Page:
Dry Eye (Keratoconjunctivitis Sicca) in Dogs
Keratoconjunctivitis sicca is a disorder of the tear glands that results in insufficient aqueous tear production and a correspondingly dry cornea. The tear film contains less of the aqueous layer and more of the mucus layer. In consequence, the classic sign of dry eye is a thick, stringy, mucoid to mucopurulent discharge.Since this type of discharge can also be seen with conjunctivitis, dogs with dry eye may be mistakenly treated for chronic conjunctivitis for long periods with little or no improvement.
In a dog with dry eye, the bright, glistening sheen normally seen in the eye is replaced by a lackluster appearance in which the cornea is dry, dull, and opaque. Recurrent bouts of conjunctivitis are typical. Eventually the cornea becomes ulcerated or develops keratitis. Blindness may ensue.
Dry eye can have several causes. Immune-mediated diseases appear to play a major role. Other cases are idiopathic-that is, the cause is not known. Breeds predisposed to dry eye include Bulldogs, Cocker Spaniels, Lhasa Apsos, West Highland White Terriers, and others.
Some specific conditions that predispose a dog to dry eye include:
The diagnosis of dry eye is made by measuring the volume of tears. The Schirmer tear testinvolves placing a commercial filter paper strip into the tear pool at the inner corner of the dog's eye and leaving it for one minute to see how much of the strip is wetted. Normally the strip should be wet to a distance of 20mm. In dogs with dry eye, the strip wets less than 10mm (often less than 5mm).
Treatment: For many years, the frequent application of artificial tears was the only treatment available for dry eye. But FDA approval of ophthalmic cyclosporin has revolutionized treatment and greatly improved results. Cyclosporin is an immunosuppressive drug that reverses immune-mediated destruction of the lacrimal glands.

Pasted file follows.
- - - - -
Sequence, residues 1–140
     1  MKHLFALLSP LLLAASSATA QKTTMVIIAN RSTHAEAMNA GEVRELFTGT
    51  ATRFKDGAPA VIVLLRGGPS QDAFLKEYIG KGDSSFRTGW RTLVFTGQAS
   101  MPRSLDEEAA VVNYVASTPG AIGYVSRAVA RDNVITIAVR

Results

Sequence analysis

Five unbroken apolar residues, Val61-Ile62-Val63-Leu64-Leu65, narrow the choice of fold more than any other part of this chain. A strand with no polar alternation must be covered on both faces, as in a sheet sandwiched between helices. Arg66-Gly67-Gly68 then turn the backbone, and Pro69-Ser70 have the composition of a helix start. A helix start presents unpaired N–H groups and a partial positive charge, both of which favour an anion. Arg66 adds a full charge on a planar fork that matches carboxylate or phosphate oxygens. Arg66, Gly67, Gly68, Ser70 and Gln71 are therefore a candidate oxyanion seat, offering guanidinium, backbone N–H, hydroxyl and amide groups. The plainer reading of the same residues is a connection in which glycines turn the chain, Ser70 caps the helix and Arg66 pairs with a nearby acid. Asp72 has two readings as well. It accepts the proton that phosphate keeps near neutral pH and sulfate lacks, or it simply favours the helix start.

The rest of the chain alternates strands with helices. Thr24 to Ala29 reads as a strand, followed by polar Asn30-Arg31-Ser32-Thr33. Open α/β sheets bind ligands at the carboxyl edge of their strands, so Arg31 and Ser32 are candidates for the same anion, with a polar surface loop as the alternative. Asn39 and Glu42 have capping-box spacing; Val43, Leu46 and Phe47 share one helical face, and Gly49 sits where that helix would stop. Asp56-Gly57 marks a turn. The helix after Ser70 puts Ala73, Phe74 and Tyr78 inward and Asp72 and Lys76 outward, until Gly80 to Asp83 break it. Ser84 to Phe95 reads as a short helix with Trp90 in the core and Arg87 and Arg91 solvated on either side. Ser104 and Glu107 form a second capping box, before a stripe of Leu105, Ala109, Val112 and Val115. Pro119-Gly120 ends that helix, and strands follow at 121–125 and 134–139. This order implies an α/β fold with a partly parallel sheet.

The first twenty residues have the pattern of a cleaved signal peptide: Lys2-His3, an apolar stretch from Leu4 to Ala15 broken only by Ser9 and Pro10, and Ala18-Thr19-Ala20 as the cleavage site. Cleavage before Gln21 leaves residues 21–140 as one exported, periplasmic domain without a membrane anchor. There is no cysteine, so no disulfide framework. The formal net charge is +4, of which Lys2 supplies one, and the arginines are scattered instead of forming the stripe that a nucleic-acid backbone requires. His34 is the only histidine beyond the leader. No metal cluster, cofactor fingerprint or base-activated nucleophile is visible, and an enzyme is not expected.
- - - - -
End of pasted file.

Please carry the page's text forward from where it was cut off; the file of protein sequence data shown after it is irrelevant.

Cyclosporin ointment is applied to the surface of the involved eye. The frequency of application must be determined by your veterinarian. The effect is not immediate. Artificial tears and topical antibiotics should be continued until the Schirmer tear test indicates that the volume of tears is adequate.
Treatment is life-long. Interrupting cyclosporin for as little as 24 hours causes symptoms to reappear in 90 percent of dogs. This can be reversed by resuming treatment.
When damage to the lacrimal glands leaves little or no functioning tissue, cyclosporin is not likely to be effective. Artificial tears (drops and ointments) prescribed by your veterinarian must then be instilled into the dog's eyes several times a day for life. Ointments are less expensive and do not need to be applied as frequently as drops. Saline drops should not be used because they aggravate the problem by washing away the lipid layer of the tear film.
A topical mucolytic agent containing acetylcystine may be recommended to reduce heavy mucus accumulation. Topical antibiotics are indicated whenever the mucus discharge becomes purulent. Topical corticosteroids may be prescribed by your veterinarian in some circumstances to decrease inflammation. In the presence of corneal ulceration, corticosteroids are contraindicated because they predispose a dog to rupture of the cornea.
Surgical treatment can be considered as a last resort when medical management fails. The operation involves transplanting the duct of the parotid salivary gland up into the corner of the eye. The saliva takes the place of the tears. The operation has several significant disadvantages. One is that the volume of tears may be more than the drainage system can handle. This can result in a watery eye and the accumulation of mineral deposits on the cornea and face.
This article is excerpted from “Dog Owner’s Home Veterinary Handbook” with permission from Wiley Publishing, Inc.
Copyright © 2007 by Howell Book House. All rights reserved.
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